Pamphylia hill country, Turkey, a small Roman province in southern Asia Minor during Paul’s time. Paul preached here on his First Missionary Journey. Later, John Mark left Paul and Barnabas and went home.

Paul and Barnabas stayed in Antioch (of Syria) preaching for a while, then prepared to re-visit the cities where they had been.  Verse 39 describes “a sharp disagreement” between the two.  Barnabas wanted to take Mark with them.  But verse 38 says that “Paul thought best not to take with them one who had withdrawn from them in Pamphylia and had not gone with them to the work.”  Separating, Barnabas and Mark went to Cyprus, and Paul took Silas and went through Syria and Cilicia.  The Scripture does not elaborate on this, but it has been pointed out that the disagreement had the end result of making their efforts doubly fruitful.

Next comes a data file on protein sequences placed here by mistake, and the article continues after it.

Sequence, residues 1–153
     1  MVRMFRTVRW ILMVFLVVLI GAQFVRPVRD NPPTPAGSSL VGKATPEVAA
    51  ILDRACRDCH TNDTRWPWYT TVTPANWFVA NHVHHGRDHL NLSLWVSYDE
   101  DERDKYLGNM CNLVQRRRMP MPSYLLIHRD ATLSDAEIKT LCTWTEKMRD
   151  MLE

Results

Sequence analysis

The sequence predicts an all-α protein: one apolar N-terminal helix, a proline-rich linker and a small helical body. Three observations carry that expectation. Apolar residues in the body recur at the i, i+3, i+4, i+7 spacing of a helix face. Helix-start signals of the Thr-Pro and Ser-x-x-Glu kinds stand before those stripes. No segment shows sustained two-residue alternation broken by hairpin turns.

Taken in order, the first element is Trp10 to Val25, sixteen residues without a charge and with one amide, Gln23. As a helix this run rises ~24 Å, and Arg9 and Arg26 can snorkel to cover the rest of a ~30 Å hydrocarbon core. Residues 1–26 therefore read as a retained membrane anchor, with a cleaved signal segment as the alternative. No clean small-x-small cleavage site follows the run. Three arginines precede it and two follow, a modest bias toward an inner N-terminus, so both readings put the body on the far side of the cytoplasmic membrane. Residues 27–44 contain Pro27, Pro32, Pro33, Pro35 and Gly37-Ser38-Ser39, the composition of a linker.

Read or listen to audio of ESV version of this selection from this link.

/Bob’s boy
___________________
some images © V. Gilbert & Arlisle F. Beers

Please note: I did not design the reading plan that I am following in my blog.  All of my comments in this blog, however, are solely my responsibility.  When reading ANY commentary, you should ALWAYS refer first to the scripture, which is God’s unchanging and unfailing word. Reading schedules, as well as a link to the site where you can get the reading plan that I’m currently following for yourself can be found on the “Bible Reading Schedules” page of my website at http://graceofourlord.com.  For questions and help, please see the “FAQ” and “Summaries” pages there.